I'm not confident the fuel surcharges will ever disappear. They are part of the new strategy to advertise a basic price, and then add in a lot of charges for stuff that used to be included in the basic price, such as baggage, food, booking by phone, aisle seating, and whatever else they can think of. Pretty soon one of them will come up with a toilet surcharge.
clevelandbrown is offline  
Old Dec 7th, 2008, 07:37 AM
Join Date: Jan 2005
Posts: 779
Likes: 0
Received 0 Likes on 0 Posts
I have seen a number of stories indicating that various airlines have begun to reduce or eliminate their fuel surcharges. Some amount just to a few dollars, others are more substantial, particularly for some Asian carriers. One article is below:


Also, for some destinations, fares have fallen markedly over the past month or so. I think much of that has to do with low load factors, rather than the elimination of fuel surcharges but the result to the passenger is similar, a lower ticket price. Thus, fares to Latin America have fallen hundreds of dollars on some routes, same to Mexico, and to some US destinations.
tengohambre is offline  
Old Dec 7th, 2008, 07:55 AM
Join Date: Aug 2007
Posts: 26,778
Likes: 0
Received 0 Likes on 0 Posts
I have a suggestion:

Decide how much you can afford and want to spend to fly where you want to fly. If the airfare is equal or less than that price, then buy. If not, then you don't go.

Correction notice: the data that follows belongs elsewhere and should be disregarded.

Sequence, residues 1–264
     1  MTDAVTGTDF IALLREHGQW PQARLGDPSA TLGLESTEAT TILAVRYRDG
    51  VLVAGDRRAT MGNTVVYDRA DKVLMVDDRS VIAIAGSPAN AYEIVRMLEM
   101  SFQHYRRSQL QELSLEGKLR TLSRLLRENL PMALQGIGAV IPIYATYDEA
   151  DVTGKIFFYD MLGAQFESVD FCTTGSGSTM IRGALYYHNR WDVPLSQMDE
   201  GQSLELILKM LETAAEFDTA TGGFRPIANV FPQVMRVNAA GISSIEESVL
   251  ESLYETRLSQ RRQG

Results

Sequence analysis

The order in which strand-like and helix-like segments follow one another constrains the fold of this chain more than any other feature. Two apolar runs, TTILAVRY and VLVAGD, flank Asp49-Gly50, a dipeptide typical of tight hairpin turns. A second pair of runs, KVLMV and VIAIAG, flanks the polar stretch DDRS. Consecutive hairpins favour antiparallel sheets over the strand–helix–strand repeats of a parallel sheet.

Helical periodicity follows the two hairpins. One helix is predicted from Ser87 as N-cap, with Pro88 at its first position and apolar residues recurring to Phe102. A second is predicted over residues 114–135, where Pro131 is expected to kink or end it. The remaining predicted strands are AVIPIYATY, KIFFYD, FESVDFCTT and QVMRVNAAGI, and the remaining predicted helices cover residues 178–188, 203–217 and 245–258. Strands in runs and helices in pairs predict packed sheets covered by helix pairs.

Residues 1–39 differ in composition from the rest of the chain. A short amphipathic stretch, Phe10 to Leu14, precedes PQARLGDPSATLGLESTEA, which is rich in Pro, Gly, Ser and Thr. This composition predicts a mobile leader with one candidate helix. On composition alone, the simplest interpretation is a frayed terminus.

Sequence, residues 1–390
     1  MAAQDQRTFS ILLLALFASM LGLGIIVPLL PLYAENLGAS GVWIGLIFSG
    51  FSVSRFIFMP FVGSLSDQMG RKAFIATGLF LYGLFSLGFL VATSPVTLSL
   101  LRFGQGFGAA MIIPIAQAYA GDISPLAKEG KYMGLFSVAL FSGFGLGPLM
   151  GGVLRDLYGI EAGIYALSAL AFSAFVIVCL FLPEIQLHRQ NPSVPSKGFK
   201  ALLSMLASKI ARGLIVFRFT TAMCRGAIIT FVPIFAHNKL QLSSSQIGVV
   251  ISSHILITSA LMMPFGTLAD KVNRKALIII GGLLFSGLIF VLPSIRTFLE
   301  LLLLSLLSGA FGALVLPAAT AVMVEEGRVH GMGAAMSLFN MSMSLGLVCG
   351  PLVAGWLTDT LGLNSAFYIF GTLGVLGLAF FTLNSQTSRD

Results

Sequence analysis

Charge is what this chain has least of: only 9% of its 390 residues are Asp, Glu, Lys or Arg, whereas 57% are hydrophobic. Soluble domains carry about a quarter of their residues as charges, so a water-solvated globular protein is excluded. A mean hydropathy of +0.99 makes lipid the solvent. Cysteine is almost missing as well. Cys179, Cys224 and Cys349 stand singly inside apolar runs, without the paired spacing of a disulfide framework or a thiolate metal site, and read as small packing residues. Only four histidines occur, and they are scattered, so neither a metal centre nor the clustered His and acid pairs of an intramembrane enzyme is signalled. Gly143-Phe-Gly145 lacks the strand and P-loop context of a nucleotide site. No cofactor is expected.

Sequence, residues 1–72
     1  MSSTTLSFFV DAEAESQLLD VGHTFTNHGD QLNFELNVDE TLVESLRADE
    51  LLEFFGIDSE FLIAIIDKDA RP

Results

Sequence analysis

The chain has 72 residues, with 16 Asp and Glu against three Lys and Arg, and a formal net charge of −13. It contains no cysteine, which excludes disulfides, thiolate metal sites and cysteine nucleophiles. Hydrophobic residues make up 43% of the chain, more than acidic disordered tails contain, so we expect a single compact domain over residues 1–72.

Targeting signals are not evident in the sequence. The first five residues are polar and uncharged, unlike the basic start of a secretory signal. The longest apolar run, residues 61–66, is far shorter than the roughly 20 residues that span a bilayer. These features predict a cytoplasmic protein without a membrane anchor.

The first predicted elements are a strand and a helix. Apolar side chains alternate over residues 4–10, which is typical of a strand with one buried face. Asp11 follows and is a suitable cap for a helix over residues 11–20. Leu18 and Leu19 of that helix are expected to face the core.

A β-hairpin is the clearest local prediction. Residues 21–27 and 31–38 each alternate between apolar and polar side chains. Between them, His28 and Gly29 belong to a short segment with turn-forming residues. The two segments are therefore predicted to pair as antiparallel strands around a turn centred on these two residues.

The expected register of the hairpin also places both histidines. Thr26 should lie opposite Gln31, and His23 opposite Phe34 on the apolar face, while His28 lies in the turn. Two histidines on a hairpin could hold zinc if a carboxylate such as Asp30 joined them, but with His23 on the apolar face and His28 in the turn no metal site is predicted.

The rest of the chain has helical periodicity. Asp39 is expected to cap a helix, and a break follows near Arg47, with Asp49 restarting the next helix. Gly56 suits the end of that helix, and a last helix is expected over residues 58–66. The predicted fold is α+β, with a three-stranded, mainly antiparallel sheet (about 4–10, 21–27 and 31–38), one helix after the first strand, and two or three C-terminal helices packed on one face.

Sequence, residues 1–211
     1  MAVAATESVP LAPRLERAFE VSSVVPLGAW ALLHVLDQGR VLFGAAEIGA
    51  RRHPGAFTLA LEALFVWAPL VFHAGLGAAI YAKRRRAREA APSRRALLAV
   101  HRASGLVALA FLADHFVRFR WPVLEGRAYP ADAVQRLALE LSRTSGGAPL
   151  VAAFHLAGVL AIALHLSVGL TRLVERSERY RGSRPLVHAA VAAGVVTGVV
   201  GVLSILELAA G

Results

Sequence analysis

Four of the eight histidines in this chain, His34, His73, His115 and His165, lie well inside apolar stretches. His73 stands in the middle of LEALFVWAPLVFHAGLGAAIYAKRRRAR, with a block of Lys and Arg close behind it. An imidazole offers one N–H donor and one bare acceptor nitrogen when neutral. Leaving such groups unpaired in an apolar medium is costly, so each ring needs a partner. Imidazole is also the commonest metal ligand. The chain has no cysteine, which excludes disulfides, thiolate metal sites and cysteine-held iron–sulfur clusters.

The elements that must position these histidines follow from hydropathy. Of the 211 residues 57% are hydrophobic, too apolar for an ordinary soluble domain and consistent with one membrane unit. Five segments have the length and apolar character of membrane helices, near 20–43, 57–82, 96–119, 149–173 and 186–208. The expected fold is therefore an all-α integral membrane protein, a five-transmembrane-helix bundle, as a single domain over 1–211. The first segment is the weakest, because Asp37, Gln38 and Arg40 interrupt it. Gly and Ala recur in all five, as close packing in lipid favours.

I know it is a novel idea, but it sure beats complaining about fuel surcharges or bag fees or whatever. I mean, why do we not have threads like "cost of oil plummets, when will Gucci lower prices"?

Air travel is very rarely a necessity. It is a luxury. Choosing to pursue that luxury should come with the acceptance that you have to pay what you have to pay.
travelgourmet is offline  
Old Dec 8th, 2008, 03:56 AM
Join Date: Jan 2005
Posts: 3,293
Likes: 0
Received 0 Likes on 0 Posts
With American Airlines monopoly of the Carribean, why not just take a cruise? There are some really good deals!
wally34949 is offline  
Old Dec 8th, 2008, 08:18 AM
Join Date: Mar 2007
Posts: 141
Likes: 0
Received 0 Likes on 0 Posts
We opted for a cruise this winter break. Great news, got a letter from Carnival this weekend, said they are refunding the fuel surcharge (I think it is $9 pp/pday) it is in the way of shipboard credit. But I have a feeling it not be a problem to spend it.
shangrila is offline  
Related Topics
Original Poster
Last Post
Air Travel
May 31st, 2009 12:41 PM
Air Travel
Sep 28th, 2006 05:38 PM
United States
Apr 12th, 2005 02:00 PM
Feb 13th, 2005 02:39 PM
United States
Sep 3rd, 2002 02:11 PM

Posting Rules
You may not post new threads
You may not post replies
You may not post attachments
You may not edit your posts

BB code is On
Smilies are On
[IMG] code is On
HTML code is Off
Trackbacks are Off
Pingbacks are Off
Refbacks are On

Thread Tools
Search this Thread

Contact Us - Manage Preferences - Archive - Advertising - Cookie Policy - Privacy Statement - Do Not Sell or Share My Personal Information -